When everyone seems to be jumping on an exciting new investment, it’s hard to resist the urge to join in. But as bitcoin has shown, there are huge risks to diving into a volatile investment category without knowing what you’re getting into.
Bitcoin, pegged by its supporters as the “it investment” of 2017, appears to have turned into a cautionary tale about what happens when you invest in something that has no intrinsic value.
When price hasn’t been driven up by fundamentals, it is vulnerable to a crash – and when that crash comes, there’s no saying how low the price drop can be because the asset’s value isn’t based on anything tangible.
Bitcoin rose largely on hype and speculation. People got excited about what seemed like easy money, and wanted in.
But to many experienced investors, it looked a lot like a financial mania, which after peaking in December 2017 at $19,511, fell by more than 65 per cent in early 2018 amid questions about its worth, sustainability and trustworthiness.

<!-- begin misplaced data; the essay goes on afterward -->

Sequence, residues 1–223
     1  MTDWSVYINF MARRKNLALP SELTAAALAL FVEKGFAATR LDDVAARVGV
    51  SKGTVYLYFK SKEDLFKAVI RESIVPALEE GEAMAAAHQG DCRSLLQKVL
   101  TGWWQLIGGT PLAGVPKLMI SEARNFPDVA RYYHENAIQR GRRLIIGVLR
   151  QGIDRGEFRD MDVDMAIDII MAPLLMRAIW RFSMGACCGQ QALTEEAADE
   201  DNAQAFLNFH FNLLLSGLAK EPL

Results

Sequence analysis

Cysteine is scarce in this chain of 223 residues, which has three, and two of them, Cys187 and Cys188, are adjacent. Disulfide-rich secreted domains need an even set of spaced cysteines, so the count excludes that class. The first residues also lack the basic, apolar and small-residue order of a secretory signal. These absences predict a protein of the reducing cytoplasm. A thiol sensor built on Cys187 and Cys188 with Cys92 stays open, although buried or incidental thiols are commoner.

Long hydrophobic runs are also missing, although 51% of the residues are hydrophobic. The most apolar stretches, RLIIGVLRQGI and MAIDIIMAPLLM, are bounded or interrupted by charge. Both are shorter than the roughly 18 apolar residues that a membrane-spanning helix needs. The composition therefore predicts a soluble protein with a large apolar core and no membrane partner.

As a new asset class, bitcoin also wasn’t regulated.
By the time agencies like the U.S. Securities and Exchange Commission and the Ontario Securities Commission began studying the implications of investing in cryptocurrencies, investors had already bought into dozens of initial coin offerings.
But while initial coin offerings acted like stock offerings, these ICOs didn’t have any intrinsic value. You weren’t buying a part of a company you could study and value, as you would with a stock. You were simply buying the digital tokens offered by that particular company, which you could then use to buy certain goods and services.
The whole thing looked a lot like a house of cards ready to fall at any moment, not unlike the dot-com bubble that wiped out $5 trillion dollars in market value for tech companies in 2000, or the Dutch tulip bubble of 1637.
Investors considering bitcoin or other fad investments should look to bitcoin and other manias for the important lesson they offer: While fear of missing out can be a hard feeling to fight, in the world of investing it’s always wise to think, research and watch before letting your emotions lead you down the wrong path.